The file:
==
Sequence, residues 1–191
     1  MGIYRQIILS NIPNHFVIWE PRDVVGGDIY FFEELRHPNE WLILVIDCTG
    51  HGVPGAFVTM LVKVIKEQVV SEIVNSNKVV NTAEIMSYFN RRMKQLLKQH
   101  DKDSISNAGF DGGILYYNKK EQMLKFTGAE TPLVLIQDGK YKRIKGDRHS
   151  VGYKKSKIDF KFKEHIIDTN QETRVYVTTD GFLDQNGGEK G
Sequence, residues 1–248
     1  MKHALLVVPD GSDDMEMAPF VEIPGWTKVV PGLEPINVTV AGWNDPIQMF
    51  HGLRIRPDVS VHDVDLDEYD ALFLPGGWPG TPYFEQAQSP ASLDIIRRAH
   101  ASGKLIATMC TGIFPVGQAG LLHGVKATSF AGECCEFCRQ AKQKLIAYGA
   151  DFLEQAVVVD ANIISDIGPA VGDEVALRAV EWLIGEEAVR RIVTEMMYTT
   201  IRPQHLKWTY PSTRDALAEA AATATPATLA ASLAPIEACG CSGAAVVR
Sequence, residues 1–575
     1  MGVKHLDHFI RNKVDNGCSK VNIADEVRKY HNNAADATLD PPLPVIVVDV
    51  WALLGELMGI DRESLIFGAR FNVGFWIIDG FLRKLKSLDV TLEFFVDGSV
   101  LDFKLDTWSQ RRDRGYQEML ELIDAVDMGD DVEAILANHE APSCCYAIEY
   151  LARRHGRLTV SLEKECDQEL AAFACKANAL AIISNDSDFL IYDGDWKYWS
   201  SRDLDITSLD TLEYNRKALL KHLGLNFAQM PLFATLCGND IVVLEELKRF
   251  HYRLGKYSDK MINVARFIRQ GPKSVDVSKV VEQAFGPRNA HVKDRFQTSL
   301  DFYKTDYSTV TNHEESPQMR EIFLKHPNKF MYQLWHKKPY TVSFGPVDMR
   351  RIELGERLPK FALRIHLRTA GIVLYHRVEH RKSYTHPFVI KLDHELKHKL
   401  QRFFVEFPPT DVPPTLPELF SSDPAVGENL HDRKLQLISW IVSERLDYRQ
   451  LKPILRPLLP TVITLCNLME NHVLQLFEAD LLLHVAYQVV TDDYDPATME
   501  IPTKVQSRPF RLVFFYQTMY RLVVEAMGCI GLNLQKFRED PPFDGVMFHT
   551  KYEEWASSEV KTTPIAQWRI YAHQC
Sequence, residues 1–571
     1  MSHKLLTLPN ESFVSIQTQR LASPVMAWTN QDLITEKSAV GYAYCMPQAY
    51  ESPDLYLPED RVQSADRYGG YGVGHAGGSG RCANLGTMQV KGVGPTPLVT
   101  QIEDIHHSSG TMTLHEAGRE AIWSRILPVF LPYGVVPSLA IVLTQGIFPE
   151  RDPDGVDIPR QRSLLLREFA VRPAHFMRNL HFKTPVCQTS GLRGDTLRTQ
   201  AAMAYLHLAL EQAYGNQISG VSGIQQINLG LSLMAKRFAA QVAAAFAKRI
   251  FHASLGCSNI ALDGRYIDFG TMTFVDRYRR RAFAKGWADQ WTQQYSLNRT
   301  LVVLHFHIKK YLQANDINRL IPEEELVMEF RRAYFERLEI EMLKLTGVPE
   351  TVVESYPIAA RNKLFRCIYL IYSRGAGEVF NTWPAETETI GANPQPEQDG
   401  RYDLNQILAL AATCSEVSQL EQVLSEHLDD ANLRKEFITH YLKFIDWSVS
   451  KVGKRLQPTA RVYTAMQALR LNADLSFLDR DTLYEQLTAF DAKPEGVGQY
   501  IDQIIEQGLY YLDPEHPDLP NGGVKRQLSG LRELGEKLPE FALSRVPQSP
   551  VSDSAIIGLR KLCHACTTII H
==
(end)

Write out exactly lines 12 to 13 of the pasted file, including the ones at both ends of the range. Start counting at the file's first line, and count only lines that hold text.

Sequence, residues 1–575
     1  MGVKHLDHFI RNKVDNGCSK VNIADEVRKY HNNAADATLD PPLPVIVVDV